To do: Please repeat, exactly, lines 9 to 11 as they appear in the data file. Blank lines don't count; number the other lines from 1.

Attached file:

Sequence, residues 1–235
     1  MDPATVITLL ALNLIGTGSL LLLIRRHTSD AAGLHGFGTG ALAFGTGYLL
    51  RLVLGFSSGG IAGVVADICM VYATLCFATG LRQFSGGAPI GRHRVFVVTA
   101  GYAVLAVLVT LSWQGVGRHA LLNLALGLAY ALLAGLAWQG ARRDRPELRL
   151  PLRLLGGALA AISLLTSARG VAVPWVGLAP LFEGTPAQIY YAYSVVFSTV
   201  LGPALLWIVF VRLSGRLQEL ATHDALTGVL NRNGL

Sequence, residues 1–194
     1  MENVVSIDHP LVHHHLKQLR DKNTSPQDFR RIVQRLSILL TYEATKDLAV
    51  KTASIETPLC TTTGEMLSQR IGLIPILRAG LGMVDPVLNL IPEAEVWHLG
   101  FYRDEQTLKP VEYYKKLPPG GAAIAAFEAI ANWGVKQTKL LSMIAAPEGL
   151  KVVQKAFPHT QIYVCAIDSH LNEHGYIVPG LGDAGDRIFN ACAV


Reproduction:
    51  KTASIETPLC TTTGEMLSQR IGLIPILRAG LGMVDPVLNL IPEAEVWHLG
   101  FYRDEQTLKP VEYYKKLPPG GAAIAAFEAI ANWGVKQTKL LSMIAAPEGL
   151  KVVQKAFPHT QIYVCAIDSH LNEHGYIVPG LGDAGDRIFN ACAV